Study shows the potential to deliver immunotherapy directly to brain tumours

New nano-immunotherapy has traversed the blood-brain barrier in mice, inducing an immune response in brain tissue surrounding tumours.

A new study has given insight into how immunotherapies might one day be delivered directly to the brain in order to treat brain tumours.

The study demonstrated that a new type of nano-immunotherapy traversed the blood-brain barrier in laboratory mice, inducing a local immune response in brain tissue surrounding the tumours – the tumour cells stopped multiplying and survival rates increased.

“This study showed a promising and exciting outcome,” said Julia Ljubimova, MD, PhD, senior author of the study and professor of Neurosurgery and Biomedical Sciences at Cedars-Sinai. “Current clinically proven methods of brain cancer immunotherapy do not ensure that therapeutic drugs cross the blood-brain barrier.

Although our findings were not made in humans, they bring us closer to developing a treatment that might effectively attack brain tumors with systematic drug administration.”

The environment of the brain can be hard to penetrate with drugs or other therapies as the blood-brain barrier can keep out potentially lifesaving treatments. Brain tumours also seem to suppress their local immune systems. Tumours accumulate immunological guards such as T regulatory cells (Tregs) and special macrophages, which block the body’s anti-cancer immune cells, protecting the tumour from attack, Ljubimova said.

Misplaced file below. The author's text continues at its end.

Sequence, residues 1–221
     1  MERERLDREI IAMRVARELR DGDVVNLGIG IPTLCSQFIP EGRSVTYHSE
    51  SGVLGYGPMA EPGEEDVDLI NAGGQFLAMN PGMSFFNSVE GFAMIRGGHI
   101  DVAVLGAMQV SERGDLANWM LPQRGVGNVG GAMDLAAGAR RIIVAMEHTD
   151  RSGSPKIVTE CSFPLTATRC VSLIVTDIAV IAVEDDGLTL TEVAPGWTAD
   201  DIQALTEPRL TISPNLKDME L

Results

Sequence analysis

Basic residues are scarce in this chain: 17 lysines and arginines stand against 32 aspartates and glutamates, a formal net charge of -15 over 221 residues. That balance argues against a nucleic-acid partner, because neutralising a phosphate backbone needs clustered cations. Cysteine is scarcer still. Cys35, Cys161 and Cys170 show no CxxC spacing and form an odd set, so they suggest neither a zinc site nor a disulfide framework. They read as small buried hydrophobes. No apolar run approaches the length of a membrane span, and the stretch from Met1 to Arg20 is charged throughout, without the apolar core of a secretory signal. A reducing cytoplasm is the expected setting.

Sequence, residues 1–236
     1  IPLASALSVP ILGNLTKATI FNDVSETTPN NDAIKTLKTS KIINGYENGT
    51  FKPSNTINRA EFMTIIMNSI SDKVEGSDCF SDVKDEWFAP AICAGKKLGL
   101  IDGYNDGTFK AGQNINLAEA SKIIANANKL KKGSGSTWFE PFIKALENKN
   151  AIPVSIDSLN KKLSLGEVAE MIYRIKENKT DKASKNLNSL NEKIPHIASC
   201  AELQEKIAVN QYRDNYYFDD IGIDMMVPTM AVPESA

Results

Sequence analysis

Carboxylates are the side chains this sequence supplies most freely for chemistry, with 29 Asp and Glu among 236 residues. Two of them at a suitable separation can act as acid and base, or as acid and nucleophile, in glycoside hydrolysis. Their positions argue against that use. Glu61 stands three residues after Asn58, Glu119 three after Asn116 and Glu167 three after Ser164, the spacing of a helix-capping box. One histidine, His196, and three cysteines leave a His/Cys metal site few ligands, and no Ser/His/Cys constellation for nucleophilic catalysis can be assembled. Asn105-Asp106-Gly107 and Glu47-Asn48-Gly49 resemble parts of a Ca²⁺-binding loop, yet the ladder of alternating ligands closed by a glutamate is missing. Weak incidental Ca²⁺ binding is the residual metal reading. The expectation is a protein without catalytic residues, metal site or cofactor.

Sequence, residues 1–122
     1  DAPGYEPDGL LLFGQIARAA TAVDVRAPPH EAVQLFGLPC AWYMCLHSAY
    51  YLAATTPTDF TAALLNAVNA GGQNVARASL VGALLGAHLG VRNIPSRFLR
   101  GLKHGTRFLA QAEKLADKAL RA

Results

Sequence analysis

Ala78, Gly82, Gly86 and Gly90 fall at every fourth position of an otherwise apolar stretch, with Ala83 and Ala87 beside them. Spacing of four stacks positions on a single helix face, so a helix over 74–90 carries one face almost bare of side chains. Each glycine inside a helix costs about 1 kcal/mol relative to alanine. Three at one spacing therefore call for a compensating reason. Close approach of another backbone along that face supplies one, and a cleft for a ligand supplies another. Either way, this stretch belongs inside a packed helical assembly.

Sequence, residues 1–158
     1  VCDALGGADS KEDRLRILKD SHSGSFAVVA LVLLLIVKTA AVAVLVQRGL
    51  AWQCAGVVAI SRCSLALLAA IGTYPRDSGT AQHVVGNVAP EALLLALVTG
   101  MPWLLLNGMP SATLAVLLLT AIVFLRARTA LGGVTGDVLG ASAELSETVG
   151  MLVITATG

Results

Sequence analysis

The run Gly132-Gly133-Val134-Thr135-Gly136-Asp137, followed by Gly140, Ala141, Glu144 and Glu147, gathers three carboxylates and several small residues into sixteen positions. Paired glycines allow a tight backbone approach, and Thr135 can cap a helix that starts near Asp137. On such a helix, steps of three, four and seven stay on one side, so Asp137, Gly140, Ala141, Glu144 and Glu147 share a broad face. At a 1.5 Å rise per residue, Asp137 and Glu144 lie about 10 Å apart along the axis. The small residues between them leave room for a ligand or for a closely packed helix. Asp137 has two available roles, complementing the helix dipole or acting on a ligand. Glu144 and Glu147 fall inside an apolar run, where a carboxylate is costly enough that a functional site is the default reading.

In order to allow tumour-killing immune cells to activate, investigators needed to find a way to arrest or deactivate the tumour-protecting Tregs and macrophages.

The immunotherapy tested in this study works by delivering checkpoint inhibitors, a type of antibody drug that can arrest and block Tregs and macrophages, so the tumour can’t use them to block the incoming tumour-killing immune cells.

These checkpoint inhibitors are attached with a biodegradable polymer to a protein or peptide that enables the drug to traverse the blood-brain barrier.

With the tumour-shielding cells blocked, immune cells like cytotoxic lymphocytes and microglial cells can then attack and destroy the cancer cells. Ljubimova says that further tests are needed before this therapy can be tested in humans.

The study was published in the peer-reviewed open access journal Nature Communications.

Send this to a friend